I will call him, and you shall hear him your own selves; so he called him, and he came and told his tale so punctually, and affirmed its truth with such ample grounds, that Mansoul fell presently under a conviction of the truth of what he said. The preacher did also back him, saying, Sirs, it is not irrational for us to believe it, for we have provoked Shaddai to anger, and have sinned Emmanuel out of the town; we have had too much correspondence with Diabolonians, and have forsaken our former mercies; no marvel then if the enemy, both within and without, should design and plot our ruin; and what time like this to do it? The sickness is now in the town, and we have been made weak thereby. Many a good meaning man is dead, and the Diabolonians of late grow stronger and stronger.
Besides, quoth the subordinate preacher, I have received from this good truth-teller this one inkling further, that he understood by those that he overheard, that several letters have lately passed between the Furies and the Diabolonians, in order to our destruction. When Mansoul heard all this, and not being able to gainsay it, they lift up their voice and wept. Mr. Prywell did also, in the presence of the townsmen, confirm all that their subordinate preacher had said. Wherefore they now set afresh to bewail their folly, and to a doubling of petitions to Shaddai and his Son. They also brake the business to the captains, high commanders, and men of war in the town of Mansoul, entreating of them to use the means to be strong, and to take good courage, and that they would look after their harness, and make themselves ready to give Diabolus battle, by night and by day, shall he come, as they are informed he will, to beleaguer the town of Mansoul.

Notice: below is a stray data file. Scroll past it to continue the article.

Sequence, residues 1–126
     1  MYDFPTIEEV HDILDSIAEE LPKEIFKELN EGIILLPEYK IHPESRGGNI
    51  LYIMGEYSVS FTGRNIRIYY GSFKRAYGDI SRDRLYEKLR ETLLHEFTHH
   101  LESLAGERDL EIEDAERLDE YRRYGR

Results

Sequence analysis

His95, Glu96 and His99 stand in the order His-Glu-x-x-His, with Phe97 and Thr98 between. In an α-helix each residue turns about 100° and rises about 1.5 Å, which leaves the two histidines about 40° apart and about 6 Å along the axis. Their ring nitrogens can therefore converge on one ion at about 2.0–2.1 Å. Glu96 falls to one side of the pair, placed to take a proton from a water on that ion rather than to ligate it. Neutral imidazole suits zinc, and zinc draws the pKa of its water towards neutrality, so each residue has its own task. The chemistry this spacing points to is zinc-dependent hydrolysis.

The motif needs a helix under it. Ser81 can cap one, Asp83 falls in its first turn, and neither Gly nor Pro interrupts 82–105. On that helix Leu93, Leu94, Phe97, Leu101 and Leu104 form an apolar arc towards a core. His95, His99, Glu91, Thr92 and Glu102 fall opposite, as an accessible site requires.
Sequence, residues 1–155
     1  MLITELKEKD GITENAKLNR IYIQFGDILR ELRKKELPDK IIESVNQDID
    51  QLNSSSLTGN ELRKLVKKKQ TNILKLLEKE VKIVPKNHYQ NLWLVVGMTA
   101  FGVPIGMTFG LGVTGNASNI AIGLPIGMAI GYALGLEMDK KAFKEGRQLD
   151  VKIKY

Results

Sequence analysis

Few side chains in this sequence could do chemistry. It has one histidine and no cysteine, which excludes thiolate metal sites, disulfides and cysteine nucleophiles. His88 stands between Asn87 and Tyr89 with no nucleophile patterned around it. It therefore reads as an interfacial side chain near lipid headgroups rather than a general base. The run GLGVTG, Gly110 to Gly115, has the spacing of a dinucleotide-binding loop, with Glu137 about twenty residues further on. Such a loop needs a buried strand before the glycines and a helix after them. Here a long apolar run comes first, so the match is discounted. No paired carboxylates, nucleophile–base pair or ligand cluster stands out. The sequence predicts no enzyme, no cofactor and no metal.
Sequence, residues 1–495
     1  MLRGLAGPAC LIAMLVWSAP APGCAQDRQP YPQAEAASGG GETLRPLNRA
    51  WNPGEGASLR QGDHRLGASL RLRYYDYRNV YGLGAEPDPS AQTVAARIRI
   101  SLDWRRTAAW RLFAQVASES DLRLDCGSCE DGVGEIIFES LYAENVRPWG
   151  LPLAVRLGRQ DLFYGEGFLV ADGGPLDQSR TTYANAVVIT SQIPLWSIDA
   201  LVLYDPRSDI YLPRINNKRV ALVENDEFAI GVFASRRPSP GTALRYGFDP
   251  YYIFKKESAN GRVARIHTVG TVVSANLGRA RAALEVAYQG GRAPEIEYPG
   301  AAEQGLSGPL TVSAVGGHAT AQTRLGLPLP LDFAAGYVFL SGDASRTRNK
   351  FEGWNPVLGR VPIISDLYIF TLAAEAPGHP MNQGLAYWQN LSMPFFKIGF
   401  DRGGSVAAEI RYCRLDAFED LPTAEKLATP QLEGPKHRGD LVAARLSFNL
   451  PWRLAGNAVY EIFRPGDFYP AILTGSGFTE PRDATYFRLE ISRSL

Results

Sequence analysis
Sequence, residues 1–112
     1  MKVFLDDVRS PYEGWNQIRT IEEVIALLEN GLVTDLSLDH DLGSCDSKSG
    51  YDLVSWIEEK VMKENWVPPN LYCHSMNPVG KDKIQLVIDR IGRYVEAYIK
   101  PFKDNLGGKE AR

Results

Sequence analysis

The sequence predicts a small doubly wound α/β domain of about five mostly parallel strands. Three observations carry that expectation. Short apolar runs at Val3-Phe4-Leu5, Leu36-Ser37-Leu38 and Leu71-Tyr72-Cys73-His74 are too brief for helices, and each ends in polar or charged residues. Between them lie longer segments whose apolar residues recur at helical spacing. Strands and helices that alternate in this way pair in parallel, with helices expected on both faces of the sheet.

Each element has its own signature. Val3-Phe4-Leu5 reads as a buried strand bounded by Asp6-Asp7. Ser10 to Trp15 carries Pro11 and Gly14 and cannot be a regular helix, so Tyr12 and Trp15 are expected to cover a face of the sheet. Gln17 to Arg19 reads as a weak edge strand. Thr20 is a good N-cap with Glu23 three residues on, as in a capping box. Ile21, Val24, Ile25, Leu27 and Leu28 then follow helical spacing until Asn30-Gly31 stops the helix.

When the captains heard this, they being always true lovers of the town of Mansoul, what do they, but like so many Samsons, they shake themselves, and come together to consult and contrive how to defeat those bold and hellish contrivances that were upon the wheel, by the means of Diabolus and his friends, against the now sickly, weakly, and much impoverished town of Mansoul; and they agreed upon these following particulars—
1. That the gates of Mansoul should be kept shut, and made fast with bars and locks; and that all persons that went out, or came in, should be very strictly examined by the captains of the guards (1 Cor 16:13), to the end, said they, that those that are managers of the plot amongst us may either, coming or going, be taken; and that we may also find out who are the great contrivers amongst us of our ruin (Lam 3:40).
2. The next thing was, that a strict search should be made for all kind of Diabolonians throughout the whole town of Mansoul; and every man's house from top to bottom, should be looked into, and that too, house by house, that if possible a further discovery might be made of all such among them as had a hand in these designs (Heb 12:15,16).